Best film: Night of the Living Dead
Weak link: Diary of the Dead
Other reviews: Dawn of the Dead | Day of the Dead | Land of the Dead | Survival of the Dead


6
Sherlock Holmes starring Basil Rathbone

Between 1939 and 1946 Basil Rathbone and Nigel Bruce starred in 14 Sherlock Holmes films, cementing themselves as the definitive screen interpretation of Holmes and Watson for decades to come — some would say forever. Rather than faithful adaptations of Sir Arthur Conan Doyle’s original stories, these liberally remix the best bits into exciting new mysteries and adventures. If that sounds familiar from more modern times, it’s because Sherlock creators Steven Moffat and Mark Gatiss are massive fans of the Rathbone/Bruce films, and have never been shy about admitting their influence on how Sherlock adapts the canon. Maybe not one for literary purists, then, but otherwise there’s barely a dud to be found in this entertaining series.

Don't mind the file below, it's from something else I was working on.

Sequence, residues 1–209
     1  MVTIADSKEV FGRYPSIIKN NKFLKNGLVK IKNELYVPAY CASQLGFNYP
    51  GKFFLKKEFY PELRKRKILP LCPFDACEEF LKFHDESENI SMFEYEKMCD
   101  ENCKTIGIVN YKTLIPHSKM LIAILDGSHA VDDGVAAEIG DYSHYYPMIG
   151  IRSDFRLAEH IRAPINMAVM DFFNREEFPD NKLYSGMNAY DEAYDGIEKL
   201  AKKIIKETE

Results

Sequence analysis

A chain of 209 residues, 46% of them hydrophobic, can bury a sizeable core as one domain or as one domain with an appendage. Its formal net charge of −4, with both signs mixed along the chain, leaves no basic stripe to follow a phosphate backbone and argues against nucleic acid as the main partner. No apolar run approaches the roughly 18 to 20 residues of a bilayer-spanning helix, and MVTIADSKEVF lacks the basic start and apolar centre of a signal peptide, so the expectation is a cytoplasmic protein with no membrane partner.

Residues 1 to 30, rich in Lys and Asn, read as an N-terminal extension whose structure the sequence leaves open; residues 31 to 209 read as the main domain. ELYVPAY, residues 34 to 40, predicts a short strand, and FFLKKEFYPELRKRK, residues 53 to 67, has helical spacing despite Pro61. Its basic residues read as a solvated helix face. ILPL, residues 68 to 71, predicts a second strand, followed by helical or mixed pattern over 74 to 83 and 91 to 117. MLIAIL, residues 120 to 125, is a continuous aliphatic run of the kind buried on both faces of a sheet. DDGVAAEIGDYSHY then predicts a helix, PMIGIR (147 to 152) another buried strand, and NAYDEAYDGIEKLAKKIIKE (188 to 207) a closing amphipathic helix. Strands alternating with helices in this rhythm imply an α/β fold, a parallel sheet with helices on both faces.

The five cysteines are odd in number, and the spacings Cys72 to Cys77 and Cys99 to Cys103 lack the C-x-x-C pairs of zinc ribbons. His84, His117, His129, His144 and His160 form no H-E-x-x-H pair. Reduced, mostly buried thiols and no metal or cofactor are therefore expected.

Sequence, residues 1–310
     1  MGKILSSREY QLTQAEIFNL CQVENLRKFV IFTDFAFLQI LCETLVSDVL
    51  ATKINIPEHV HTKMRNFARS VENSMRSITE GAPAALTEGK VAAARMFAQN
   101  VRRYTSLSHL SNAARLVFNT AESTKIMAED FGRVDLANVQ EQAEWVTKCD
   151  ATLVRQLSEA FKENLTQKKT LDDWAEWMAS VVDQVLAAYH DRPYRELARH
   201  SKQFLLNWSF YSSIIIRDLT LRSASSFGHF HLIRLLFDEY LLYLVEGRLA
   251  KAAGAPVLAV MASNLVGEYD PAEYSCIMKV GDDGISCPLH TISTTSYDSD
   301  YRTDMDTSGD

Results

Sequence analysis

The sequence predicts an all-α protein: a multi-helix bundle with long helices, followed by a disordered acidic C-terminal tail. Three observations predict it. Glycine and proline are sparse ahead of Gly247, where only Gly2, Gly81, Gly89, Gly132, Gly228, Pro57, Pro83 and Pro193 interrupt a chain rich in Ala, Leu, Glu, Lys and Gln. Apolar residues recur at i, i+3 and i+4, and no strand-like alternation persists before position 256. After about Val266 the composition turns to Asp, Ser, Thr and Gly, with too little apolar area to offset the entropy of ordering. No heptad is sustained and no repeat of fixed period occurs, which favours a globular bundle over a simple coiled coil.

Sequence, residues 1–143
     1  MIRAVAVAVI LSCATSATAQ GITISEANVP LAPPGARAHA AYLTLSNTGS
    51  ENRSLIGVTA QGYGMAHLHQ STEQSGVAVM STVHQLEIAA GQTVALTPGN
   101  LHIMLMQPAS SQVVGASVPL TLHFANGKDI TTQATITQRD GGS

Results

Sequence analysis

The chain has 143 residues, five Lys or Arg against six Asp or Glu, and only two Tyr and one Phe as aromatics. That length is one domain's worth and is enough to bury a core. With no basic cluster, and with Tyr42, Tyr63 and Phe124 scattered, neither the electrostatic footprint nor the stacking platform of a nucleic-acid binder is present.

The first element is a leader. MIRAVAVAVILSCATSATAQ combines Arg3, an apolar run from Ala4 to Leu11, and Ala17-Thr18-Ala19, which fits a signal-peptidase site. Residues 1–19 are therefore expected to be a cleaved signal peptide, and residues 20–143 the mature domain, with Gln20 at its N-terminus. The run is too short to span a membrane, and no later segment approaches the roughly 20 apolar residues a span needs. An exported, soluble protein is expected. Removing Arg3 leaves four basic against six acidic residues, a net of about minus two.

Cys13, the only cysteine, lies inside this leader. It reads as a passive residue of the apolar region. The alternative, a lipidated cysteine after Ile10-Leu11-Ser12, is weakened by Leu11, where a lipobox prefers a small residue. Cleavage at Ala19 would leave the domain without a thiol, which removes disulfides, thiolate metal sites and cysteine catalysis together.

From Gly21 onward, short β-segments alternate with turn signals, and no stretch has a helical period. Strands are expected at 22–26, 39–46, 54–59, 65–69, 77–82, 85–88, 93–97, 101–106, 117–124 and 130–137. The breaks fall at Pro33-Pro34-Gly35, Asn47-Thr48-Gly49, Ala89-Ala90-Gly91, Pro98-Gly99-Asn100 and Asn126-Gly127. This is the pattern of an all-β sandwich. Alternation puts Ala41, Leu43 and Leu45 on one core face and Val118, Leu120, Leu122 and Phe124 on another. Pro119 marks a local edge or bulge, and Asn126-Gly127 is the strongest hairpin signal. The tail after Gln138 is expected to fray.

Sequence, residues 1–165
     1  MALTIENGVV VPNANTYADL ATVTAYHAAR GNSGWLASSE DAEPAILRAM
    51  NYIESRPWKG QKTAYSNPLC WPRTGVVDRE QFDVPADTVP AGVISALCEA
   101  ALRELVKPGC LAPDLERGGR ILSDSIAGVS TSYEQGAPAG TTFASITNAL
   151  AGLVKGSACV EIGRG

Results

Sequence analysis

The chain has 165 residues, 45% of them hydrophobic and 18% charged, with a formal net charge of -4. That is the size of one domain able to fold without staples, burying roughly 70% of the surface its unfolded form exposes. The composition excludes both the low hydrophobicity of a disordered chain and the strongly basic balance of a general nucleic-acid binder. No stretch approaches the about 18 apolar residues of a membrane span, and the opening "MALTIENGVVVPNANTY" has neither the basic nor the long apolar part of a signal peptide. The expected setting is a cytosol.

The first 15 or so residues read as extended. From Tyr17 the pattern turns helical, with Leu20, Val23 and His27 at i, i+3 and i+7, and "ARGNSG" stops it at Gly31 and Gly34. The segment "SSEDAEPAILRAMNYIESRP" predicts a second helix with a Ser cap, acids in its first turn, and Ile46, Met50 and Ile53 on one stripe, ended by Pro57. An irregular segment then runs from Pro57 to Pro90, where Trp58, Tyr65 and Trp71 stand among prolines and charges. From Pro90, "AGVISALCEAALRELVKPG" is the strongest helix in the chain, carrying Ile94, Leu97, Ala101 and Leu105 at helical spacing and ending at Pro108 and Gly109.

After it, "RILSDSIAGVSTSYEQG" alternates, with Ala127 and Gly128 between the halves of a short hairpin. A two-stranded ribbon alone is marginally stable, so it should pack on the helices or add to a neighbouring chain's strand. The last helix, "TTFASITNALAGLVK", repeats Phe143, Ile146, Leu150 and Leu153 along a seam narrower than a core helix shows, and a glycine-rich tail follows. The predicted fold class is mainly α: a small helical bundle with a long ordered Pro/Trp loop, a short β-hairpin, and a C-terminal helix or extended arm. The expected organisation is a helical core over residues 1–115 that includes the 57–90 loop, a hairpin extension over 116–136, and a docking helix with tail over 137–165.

Best film: The Scarlet Claw
Weak link: Pursuit to Algiers
Other reviews: The Hound of the Baskervilles | The Adventures of Sherlock Holmes | Sherlock Holmes and the Voice of Terror | Sherlock Holmes and the Secret Weapon | Sherlock Holmes in Washington | Sherlock Holmes Faces Death | The Spider Woman | The Pearl of Death | The House of Fear | The Woman in Green | Terror by Night | Dressed to Kill


5
Batman